Ending the Culture Wars?
William Saletin talks about how Obama wants to end the culture wars and is working to bring some practical morality to the table. What Saletin believes is that the left just needs to admit that abortions are caused by unplanned pregnancies due not to unavailable contraception, but because people aren't taking contraception seriously enough. He says:
This isn’t a shortage of pills or condoms. It’s a shortage of cultural and personal responsibility. It’s a failure to teach, understand, admit or care that unprotected sex can lead to the creation — and the subsequent killing, through abortion — of a developing human being.
And then he says that the right will have to admit that contraception is the moral answer to the problem of unprotected sex.
Conservatives, in turn, need to face the corollary truth: A culture of life requires an ethic of contraception. Birth control isn’t a sin or an offense against life, as so many girls and Catholic couples have been taught. It’s a loving, conscientious way to prevent the conception of a child you can’t bear to raise and don’t want to abort. It’s an act of responsibility and respect for life.
Saletin really misreads the reason why the religious right as with most patriarchal religions refuses to grant that contraception is the answer to this human problem.
The philosophy driving anti-conception is directly related to the idea that sex conducted without allowing for conception is sinful especially for women. This is the reason pharmacists are refusing to distribute contraceptives.
"'We see a direct connection between the practice of contraception and the practice of abortion,' says Judie Brown, president of the American Life League, an organization that has battled abortion for 27 years but that, like others, now has a larger mission. 'The mind-set that invites a couple to use contraception is an antichild mind-set,' she told me. 'So when a baby is conceived accidentally, the couple already have this negative attitude toward the child. Therefore seeking an abortion is a natural outcome. We oppose all forms of contraception.'"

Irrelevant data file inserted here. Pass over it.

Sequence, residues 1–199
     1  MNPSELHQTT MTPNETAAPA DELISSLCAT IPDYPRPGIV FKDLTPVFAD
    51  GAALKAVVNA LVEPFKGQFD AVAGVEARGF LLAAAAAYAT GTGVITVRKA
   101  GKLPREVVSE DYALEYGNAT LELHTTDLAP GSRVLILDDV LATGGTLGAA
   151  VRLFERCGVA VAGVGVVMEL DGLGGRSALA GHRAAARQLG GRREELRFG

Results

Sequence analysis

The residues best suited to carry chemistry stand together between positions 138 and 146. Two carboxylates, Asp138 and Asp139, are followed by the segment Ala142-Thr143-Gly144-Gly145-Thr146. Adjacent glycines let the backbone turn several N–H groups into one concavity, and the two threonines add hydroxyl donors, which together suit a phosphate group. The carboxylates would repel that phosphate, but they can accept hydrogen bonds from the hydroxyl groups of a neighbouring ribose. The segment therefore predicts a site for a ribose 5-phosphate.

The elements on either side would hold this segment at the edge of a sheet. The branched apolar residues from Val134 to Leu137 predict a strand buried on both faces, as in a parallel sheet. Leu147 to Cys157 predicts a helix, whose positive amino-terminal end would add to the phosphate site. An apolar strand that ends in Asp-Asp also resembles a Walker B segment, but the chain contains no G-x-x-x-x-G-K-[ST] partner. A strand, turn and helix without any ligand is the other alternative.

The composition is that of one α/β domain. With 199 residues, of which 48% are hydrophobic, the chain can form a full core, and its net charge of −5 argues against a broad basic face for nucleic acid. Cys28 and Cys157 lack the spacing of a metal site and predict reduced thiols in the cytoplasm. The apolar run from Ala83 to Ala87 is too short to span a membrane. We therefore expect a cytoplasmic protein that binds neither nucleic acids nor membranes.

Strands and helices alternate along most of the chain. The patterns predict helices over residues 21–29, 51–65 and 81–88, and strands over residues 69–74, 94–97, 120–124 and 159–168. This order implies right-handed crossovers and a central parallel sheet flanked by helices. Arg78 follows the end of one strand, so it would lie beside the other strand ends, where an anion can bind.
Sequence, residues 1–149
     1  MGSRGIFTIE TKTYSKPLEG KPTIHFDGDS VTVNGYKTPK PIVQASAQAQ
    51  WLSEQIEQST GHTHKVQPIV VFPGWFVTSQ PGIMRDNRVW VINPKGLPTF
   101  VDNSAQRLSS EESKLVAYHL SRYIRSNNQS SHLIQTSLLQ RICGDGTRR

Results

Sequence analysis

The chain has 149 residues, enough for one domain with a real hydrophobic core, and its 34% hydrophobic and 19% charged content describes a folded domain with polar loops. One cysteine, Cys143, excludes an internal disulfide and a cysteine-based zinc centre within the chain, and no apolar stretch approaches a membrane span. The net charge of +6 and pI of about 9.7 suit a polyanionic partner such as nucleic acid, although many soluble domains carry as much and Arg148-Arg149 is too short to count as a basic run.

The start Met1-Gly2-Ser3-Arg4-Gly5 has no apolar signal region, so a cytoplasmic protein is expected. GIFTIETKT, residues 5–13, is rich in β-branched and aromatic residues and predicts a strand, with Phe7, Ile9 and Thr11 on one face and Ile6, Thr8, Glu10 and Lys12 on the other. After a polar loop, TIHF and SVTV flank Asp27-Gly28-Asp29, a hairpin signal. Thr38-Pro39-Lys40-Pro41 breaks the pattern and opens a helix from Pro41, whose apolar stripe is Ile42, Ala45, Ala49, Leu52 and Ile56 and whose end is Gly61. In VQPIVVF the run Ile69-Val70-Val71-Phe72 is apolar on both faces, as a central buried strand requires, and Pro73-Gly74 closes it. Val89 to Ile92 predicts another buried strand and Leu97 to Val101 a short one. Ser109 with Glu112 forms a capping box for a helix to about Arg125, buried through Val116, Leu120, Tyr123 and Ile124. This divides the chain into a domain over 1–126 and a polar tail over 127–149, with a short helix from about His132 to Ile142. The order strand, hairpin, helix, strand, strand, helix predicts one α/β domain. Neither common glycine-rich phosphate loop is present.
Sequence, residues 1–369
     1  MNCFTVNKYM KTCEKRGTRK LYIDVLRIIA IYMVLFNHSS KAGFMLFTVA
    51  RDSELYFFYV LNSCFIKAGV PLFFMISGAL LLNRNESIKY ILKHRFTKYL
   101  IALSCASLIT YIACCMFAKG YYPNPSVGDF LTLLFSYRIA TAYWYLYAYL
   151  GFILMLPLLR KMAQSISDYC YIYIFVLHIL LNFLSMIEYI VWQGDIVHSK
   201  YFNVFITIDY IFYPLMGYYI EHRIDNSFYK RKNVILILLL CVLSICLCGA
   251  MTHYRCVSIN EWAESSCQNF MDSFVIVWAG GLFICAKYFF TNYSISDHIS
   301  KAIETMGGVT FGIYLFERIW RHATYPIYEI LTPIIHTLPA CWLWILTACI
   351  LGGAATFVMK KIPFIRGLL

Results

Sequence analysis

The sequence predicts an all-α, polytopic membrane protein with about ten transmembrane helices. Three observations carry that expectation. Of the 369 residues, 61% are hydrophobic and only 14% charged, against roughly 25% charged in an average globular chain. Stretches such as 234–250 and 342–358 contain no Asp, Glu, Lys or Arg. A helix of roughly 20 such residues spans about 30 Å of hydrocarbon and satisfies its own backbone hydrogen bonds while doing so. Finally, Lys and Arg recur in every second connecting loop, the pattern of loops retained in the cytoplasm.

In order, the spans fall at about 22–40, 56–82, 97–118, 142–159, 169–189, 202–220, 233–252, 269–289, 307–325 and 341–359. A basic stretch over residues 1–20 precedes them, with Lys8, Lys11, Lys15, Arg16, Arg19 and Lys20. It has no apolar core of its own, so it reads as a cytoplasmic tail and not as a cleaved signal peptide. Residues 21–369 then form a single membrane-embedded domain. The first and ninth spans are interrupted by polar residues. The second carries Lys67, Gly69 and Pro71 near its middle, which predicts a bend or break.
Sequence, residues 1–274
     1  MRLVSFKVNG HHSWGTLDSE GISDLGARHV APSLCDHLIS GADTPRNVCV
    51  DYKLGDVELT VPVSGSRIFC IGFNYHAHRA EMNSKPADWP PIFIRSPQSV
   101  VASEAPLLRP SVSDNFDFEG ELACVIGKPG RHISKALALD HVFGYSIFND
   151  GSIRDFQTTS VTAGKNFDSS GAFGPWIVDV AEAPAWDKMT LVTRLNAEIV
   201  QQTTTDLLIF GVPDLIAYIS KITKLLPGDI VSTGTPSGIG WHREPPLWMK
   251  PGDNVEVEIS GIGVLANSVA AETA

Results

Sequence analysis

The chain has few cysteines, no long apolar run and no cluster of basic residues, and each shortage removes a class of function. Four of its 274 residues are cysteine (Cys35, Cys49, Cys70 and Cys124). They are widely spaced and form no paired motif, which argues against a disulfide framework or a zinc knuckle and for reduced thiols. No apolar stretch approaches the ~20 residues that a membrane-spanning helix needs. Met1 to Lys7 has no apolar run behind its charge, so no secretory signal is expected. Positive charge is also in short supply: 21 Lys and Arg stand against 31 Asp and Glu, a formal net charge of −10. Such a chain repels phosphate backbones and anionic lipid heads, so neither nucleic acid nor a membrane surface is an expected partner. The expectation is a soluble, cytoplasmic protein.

The Pope also condemns the use of contraception because the only time human beings are supposed to have sex is within marriage and artificial contraceptives lead to "negating the intimate truth of conjugal love...." What's clear is the Pope sees no reason to change his stance and although he finds that the church can tolerate holocaust deniers, it cannot stand Catholic politicians who do not support the Church's hard stance on human sexuality.
This condemnation of contraceptive and human sexuality comes from a growing extremism on the part of the religious right exhibited by the need to control women. Extreme patriarchal societies have long exhibited hatred for women, most likely because they fear weakness and see women as being soft and capable of undermining the strength of men. The rules of the Taliban for women reflect this hatred:
You will stay inside your homes at all times. It is not proper for women to wander aimlessly about the streets. If you go outside, you must be accompanied by a mahram, a male relative. If you are caught alone on the street, you will be beaten and sent home.
You will not, under any circumstance, show your face. You will cover with burqa when outside. If you do not, you will be severely beaten.
Cosmetics are forbidden.
Jewelry is forbidden.
You will not wear charming clothes.
You will not speak unless spoken to.
You will not make eye contact with men.
You will not laugh in public. If you do, you will be beaten.
You will not paint your nails. If you do, you will lose a finger.
Girls are forbidden from attending school. All schools for girs will be closed immediately.
Women are forbidden from working.
If you found guilty of adultery, you will be stoned to death.
Listen. Listen well. Obey. --- A Thousand Splendid Suns, Khaled Hosseini
Saletin believes that reasonable and practical morality will lead to a time when abortion is no longer needed and the culture wars can be ended. It seems to me that the roots to the culture war are much deeper than he admits.